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Old 24 April 2008, 07:54   #11
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Later "Sea borne" Harriers (the up rated ones) , can/could carry A.L.A.R.M missiles...but...all the evidence, gathered by far more knowledgeable persons than I, suggests that the story is bullshit. Yet Codders, still says it’s true….
Does anyone know of the range of a Police hand held Radar gun that they were using in that period? I thought it was quite short and how far away would a Harrier have to be for the most shortsighted of our Police force not to have seen it? I believe that the Radar guns only read up to 199 MPH before they show “- -“ .
So Codders, step up with a convincing argument…
I said it was reported on the local BBC news at the time - before the Internet was around.

The range on a Radar gun? About the same as the length of a piece of string!!! The ACCURATE range is listed at 1.25 miles or 6600 feet - in practice electromagnetic waves can travel a tad further than that.......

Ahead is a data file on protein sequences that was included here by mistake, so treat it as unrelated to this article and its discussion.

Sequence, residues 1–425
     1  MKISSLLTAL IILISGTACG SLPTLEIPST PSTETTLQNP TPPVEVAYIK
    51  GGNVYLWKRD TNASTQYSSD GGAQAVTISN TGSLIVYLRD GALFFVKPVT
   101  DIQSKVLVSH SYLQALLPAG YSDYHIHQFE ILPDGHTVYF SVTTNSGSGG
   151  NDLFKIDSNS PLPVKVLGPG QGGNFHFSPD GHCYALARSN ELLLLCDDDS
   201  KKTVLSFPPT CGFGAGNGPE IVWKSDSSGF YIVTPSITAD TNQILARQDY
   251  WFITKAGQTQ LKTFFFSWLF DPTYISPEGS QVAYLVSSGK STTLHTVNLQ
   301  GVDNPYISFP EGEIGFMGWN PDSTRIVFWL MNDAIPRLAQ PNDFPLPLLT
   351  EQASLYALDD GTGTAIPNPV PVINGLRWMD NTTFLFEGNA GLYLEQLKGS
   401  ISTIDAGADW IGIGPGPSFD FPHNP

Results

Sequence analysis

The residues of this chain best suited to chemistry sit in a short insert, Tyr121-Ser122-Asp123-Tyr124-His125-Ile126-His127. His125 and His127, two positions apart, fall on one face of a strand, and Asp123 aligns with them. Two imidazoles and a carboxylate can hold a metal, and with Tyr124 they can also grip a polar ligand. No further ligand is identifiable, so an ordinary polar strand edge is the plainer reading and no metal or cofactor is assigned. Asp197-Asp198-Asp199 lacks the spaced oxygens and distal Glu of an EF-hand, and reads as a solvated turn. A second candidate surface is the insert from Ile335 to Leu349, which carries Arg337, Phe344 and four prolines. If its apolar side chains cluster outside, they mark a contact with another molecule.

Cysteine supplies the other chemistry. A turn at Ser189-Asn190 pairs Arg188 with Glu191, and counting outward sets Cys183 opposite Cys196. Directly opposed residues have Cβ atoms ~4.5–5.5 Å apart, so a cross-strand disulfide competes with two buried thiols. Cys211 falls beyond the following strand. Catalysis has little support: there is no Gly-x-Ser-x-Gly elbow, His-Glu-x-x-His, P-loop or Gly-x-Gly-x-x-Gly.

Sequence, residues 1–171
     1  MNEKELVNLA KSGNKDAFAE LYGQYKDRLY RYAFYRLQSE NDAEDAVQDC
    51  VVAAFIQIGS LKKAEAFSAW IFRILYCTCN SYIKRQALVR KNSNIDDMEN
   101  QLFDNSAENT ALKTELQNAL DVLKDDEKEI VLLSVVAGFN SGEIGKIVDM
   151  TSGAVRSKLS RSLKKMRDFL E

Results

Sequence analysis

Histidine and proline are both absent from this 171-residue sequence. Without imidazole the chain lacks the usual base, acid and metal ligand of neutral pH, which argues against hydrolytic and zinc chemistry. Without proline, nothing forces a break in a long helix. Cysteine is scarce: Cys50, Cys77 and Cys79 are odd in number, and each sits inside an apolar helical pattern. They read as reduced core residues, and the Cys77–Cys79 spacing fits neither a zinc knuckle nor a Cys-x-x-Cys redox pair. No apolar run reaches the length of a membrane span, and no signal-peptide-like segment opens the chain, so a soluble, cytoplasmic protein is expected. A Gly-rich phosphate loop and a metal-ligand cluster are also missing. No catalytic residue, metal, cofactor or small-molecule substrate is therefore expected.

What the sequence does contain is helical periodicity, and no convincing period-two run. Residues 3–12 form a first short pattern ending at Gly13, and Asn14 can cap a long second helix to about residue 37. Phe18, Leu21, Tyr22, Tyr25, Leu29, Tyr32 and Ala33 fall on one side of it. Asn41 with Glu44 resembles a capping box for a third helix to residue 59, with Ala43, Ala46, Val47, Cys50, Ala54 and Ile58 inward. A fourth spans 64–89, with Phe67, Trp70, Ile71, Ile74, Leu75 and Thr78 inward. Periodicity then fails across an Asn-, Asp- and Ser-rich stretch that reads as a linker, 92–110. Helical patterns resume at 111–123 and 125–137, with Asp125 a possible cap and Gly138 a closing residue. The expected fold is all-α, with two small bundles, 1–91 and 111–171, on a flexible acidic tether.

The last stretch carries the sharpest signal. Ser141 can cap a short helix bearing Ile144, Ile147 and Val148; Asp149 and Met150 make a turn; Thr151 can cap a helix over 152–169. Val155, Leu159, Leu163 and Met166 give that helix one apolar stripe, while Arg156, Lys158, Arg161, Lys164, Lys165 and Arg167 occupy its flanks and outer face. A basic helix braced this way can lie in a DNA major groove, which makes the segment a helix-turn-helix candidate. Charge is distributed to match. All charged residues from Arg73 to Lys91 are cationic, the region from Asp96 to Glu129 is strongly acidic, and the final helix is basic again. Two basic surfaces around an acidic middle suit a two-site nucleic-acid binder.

As to ALARM or HARM or any other kind of missile it would have been the aircraft's own radar warning receiver that would have detected the threat. They tend to be pretty sensitive..............
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Old 24 April 2008, 08:59   #12
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I said it was reported on the local BBC news at the time - before the Internet was around.
No..what you said was..

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The original story is not a fake.
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I remember it being on the Welsh TV news many years ago and it was a Harrier.

April 1st was it?
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Old 24 April 2008, 09:43   #13
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Total and utter b0llocks.

Impossible on so many levels.

Codders - if you're still in any doubt, I can put you in touch with the definitive source of thee above comment - relative of mine, instructor at RAF Valley.

Unless of course you know more than a mere GR4 jockey...
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Old 24 April 2008, 12:46   #14
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Total and utter b0llocks.

Impossible on so many levels.